Companies and regulators can help investors identify investment opportunities better by producing higher-quality data and enforcing tougher disclosure standards, market observers said, as sustainable investment inflows rise and thematic investing targeted at areas such as climate change is set to push growth further.
Environmental, social and governance (ESG) funds now account for 10% of fund assets worldwide.
A record $649 billion poured into ESG-focused funds worldwide from the beginning of 2021 until November 30. This was a large increase from the $542 billion in the same period in 2020 and $285 billion in the same 11 months of 2019, according to latest Refinitiv Lipper data.
However, due to a lack of standards, investors have been left largely to their own devices to sieve out assets that may simply be slapping on an ESG label.
Under Jang Dong Hun’s management, the $15 billion Public Officials Benefit Association (Poba) generated a record-high funding ratio, historical returns, and a resilient portfolio that remains unflinching through a financial crisis, a pandemic and now a new inflationary environment.
Last year, Poba was one of the biggest winners at AsianInvestor’s 2021 Institutional Excellence Awards, winning Best Asset Owner in Korea and Japan; Best in Class - Response to Covid-19 Pandemic; and Best in Class - Standout CIO.
His flexible approach comes from a distinct personality trait that helped Poba survive and even thrive amid constantly changing market conditions, he mused.
In the first half of 2020, for instance, Poba faced difficulties deploying capital due to the low number of transactions in the private market amid the pandemic.
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Evergrande’s near bankruptcy has done nothing to dent Allianz’ appetite for property and other real assets in China, according to two of its senior executives.
“Evergrande has not changed our long term view. We think this is an organised plan, [Beijing] had the three red lines policy and they are implementing it,” Rushabh Desai, CEO of Allianz Real Estate’s Asia Pacific business told AsianInvestor. The government’s three red lines policy limits the amount of annual new borrowing for property developers by capping their debt ratios.
Allianz Real Estate has €2.2 billion of its €79.2 billion worldwide AUM invested in China. Desai said that in the government-guided deleveraging it had been hard to pinpoint which company would be first in line.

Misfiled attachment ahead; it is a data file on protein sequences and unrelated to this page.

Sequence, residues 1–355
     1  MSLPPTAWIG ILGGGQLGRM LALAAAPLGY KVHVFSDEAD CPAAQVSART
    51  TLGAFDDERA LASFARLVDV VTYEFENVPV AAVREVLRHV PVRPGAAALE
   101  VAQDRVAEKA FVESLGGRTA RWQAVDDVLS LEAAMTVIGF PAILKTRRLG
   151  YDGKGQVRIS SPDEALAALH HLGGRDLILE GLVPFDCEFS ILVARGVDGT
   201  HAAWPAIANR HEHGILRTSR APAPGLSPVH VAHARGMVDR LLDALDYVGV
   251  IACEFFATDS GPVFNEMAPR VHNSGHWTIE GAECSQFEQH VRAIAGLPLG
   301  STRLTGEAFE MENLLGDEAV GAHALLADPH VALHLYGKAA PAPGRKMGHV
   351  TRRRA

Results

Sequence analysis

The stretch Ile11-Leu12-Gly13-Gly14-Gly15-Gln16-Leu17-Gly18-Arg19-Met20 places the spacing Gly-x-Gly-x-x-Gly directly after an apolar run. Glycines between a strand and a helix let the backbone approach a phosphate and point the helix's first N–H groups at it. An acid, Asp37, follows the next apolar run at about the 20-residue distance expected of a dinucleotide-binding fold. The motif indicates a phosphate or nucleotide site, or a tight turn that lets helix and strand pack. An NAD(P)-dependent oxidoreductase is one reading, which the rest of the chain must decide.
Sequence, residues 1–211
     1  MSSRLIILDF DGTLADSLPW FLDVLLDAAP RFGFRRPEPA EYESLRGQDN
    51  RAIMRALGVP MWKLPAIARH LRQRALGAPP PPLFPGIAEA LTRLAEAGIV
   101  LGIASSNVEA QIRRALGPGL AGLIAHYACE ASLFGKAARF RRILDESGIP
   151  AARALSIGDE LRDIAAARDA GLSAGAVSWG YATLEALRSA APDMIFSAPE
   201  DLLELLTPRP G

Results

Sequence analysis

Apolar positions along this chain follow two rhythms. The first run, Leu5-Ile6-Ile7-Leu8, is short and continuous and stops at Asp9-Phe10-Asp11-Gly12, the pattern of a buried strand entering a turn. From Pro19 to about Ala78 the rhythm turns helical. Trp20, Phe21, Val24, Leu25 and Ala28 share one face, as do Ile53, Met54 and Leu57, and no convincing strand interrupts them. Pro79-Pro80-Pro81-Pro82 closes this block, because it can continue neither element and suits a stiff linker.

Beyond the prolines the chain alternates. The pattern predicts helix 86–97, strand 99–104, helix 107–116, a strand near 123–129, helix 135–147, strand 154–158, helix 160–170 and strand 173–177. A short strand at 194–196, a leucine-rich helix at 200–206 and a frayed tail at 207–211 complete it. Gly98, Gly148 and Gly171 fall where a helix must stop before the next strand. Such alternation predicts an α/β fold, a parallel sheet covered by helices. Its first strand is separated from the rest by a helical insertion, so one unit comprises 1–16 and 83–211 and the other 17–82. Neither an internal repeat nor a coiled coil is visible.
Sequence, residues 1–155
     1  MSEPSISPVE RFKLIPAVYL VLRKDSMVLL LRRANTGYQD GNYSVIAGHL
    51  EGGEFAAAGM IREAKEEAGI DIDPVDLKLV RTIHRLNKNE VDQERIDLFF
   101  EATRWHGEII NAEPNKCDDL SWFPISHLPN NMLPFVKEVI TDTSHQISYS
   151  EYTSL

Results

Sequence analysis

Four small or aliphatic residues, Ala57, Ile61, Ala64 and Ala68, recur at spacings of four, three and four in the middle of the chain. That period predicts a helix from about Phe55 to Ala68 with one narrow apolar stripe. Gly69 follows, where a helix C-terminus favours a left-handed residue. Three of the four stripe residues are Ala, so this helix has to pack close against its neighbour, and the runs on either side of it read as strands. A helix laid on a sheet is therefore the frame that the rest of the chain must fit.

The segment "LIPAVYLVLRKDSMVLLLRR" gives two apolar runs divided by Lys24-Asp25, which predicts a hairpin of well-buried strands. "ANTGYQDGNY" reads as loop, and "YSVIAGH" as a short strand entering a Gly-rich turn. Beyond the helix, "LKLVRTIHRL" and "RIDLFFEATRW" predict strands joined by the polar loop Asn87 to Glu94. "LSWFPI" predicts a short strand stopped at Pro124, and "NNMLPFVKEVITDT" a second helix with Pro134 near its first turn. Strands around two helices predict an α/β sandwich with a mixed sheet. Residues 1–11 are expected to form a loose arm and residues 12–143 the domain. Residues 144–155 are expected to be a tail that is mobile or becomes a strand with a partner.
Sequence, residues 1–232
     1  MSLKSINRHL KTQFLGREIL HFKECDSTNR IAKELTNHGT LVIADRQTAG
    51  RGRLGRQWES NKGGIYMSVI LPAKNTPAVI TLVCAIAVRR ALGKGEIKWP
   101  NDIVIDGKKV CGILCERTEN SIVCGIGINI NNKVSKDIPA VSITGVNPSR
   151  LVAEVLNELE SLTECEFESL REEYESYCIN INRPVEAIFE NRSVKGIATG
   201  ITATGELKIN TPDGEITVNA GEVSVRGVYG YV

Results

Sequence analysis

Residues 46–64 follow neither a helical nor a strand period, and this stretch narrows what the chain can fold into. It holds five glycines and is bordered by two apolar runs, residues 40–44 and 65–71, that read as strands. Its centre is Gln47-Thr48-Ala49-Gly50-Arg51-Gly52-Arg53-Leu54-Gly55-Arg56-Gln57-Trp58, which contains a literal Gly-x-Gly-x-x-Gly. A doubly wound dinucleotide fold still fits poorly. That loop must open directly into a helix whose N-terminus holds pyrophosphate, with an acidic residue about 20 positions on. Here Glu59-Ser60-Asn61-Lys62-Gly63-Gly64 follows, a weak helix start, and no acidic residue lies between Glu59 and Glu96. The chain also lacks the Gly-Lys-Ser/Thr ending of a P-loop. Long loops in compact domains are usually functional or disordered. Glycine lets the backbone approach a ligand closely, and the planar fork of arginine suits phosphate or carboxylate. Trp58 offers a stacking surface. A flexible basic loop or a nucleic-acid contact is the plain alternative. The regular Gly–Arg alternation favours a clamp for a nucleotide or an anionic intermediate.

Despite the headlines, there were no surprises in how the process was being handled for the Allianz Real Estate China team, which comprises five staff based in Shanghai. “If you’re on the ground you spend time and resources understanding every situation, and this one seems like a well-controlled restructuring,” he said.
Investors increased their appetite for exchange-traded funds (ETF) in 2021, with worldwide inflows hitting $1 trillion for the first time. Those with environmental, social and governance (ESG) themes garnered the most interest.
At $900 billion, inflows for US-listed ETFs surpassed 2020's global total of $735.7 billion on their own, according to Morningstar data.
Over the past two years, inflows into thematic ETFs have surged and now total over $40 billion in assets under management (AUM) across 81 ETFs. These inflows mark a 400% increase from under $10 billion at the end of 2019, according to data from Global X.
In renewed efforts to establish regional trade relationships, the world’s largest free trade pact, the Regional Comprehensive Economic Partnership (RCEP), took effect on the first day of 2022 among 15 Asian countries.
Member states include China, Japan, South Korea, Australia, New Zealand, and the 10 members of the Association of Southeast Asian Nations (Asean).
Since the trade deal can facilitate China shifting its supply chain to Asean countries for lower cost bases, the latter is believed to be a big beneficiary. RCEP also provides a favorable environment for the e-commerce and industrial production sectors, among others.
AsianInvestor asked fund managers how RCEP might benefit investments in Asia.